Scorsese received his Golden Bear from another legendary director - Wim Wenders - who received this honor at the 2015 Berlin Film Festival. Scorsese even hosted an in-depth conversation with director Johanna Hogg ("The Souvenir"), which is available to watch in its entirety on YouTube (see above).

In the conversation, he talks about the films and cinematic movements that influenced him at the beginning of his career, about the production of some of his most notable films, as well as about spirituality and its expression in his films, including his next planned film that is expected to deal with the character of Jesus.

At the press conference held with him at the festival, Scorsese referred to the future of cinema as he sees it - and refused to eulogize it prematurely: "I don't think cinema is dying, it's changing. Cinema was never supposed to be one thing. I grew up with it as one thing: if you wanted to see a movie you went to the cinema. Whether the hall was good or bad, it was a hall. It was always a shared experience. But technology changes so quickly and so exhaustingly, that the only thing you can really hold on to is the personal voice. This voice can be expressed in a Tiktok video as well as in a film by Four hours or in a two-hour mini-series."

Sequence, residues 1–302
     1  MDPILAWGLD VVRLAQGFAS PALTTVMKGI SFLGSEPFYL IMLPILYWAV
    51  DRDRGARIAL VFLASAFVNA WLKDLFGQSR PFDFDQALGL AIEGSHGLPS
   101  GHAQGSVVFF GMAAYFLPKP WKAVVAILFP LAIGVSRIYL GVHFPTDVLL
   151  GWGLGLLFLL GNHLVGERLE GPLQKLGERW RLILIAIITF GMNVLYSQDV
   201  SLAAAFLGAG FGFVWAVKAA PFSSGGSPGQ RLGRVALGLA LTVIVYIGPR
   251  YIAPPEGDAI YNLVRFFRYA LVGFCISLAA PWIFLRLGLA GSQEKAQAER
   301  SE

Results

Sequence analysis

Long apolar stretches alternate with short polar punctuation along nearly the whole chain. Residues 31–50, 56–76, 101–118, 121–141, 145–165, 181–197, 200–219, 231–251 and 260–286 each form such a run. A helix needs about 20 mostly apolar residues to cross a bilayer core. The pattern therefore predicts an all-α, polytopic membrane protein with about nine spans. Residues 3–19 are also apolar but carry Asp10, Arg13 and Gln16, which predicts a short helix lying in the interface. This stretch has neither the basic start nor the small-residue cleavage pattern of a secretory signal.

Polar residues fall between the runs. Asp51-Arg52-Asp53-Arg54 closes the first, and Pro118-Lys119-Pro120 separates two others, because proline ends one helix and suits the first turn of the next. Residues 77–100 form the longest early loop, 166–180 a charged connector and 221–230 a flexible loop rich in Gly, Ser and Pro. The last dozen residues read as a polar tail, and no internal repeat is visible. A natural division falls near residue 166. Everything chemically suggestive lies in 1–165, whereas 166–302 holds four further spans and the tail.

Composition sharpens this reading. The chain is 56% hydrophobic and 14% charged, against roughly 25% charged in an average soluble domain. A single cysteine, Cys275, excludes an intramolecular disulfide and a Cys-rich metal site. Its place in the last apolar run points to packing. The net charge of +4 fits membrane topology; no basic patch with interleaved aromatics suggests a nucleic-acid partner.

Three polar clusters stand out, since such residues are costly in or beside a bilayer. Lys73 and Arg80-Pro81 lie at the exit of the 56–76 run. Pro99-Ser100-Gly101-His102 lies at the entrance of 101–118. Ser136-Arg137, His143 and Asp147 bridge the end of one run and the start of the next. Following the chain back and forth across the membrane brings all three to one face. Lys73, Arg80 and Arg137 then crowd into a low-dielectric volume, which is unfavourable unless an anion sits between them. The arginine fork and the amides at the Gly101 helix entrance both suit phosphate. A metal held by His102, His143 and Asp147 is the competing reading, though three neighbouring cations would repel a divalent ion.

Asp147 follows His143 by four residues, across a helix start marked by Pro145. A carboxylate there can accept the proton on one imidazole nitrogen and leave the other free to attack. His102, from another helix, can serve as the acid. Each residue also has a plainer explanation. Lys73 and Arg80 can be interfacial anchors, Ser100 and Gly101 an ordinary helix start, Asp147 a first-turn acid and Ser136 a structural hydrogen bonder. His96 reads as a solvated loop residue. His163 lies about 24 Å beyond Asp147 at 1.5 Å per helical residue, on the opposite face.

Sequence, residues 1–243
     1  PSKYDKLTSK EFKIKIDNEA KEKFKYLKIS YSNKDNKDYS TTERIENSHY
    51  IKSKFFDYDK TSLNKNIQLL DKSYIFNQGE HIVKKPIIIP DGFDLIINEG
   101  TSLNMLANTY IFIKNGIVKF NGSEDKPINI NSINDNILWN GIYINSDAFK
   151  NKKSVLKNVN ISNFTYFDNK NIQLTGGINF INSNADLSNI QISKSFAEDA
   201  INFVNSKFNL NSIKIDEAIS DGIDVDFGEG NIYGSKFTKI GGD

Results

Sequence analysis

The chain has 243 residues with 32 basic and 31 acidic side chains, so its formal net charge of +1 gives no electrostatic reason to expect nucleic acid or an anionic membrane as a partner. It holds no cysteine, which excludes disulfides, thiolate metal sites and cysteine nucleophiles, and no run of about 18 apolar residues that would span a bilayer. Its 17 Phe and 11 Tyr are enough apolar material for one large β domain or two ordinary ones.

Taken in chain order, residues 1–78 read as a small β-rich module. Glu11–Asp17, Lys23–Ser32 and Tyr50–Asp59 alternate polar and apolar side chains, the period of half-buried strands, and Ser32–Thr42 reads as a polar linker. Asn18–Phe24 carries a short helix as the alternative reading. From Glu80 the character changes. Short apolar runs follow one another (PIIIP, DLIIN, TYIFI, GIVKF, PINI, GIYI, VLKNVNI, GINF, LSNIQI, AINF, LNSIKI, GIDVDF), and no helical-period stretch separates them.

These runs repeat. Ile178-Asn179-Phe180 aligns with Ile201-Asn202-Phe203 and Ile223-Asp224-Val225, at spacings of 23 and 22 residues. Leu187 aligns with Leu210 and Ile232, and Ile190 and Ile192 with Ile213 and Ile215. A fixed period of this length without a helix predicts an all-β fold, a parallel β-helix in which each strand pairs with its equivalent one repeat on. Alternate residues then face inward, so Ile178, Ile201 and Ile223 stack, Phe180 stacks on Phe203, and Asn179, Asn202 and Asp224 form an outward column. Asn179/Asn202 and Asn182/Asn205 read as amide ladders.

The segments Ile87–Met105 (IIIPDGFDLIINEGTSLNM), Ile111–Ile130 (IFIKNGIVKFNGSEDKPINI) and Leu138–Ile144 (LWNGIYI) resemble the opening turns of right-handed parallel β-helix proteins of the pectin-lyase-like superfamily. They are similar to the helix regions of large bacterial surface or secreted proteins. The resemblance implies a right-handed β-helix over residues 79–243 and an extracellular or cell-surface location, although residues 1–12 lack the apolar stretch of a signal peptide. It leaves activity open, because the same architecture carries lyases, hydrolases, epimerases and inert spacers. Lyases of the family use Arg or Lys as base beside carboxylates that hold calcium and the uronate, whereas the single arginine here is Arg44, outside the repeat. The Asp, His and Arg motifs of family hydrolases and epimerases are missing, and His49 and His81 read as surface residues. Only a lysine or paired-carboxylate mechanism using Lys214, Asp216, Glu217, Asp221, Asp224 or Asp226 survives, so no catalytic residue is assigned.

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Martin Scorsese receives a Lifetime Achievement Award at the Berlin Film Festival from director Wim Wenders/Richard Hübner/Berlinale 2024

Scorsese also referred to the importance of film festivals and their ability to make the world "closer and smaller" and allow people to get to know each other and cultures that were foreign to them.

The desire to bring people and cultures together is also behind the activities of the projects he initiated, The Film Foundation and the World Cinema Project, for the preservation and restoration of motion pictures from around the world: "As a young person, seeing films from other places opened me to the world. The way it affected me, a child who came From the neighborhood, with parents who weren't intellectuals and didn't read, maybe other kids around the world will be able to see a movie and be influenced by it. Maybe they won't make movies themselves, but it can change their lives."

  • More on the same topic:

  • Adam Sandler

  • Martin Scorsese

  • Berlin Festival

  • Gloria!

    - 2024 movie

Source: walla

All tech articles on 2024-02-25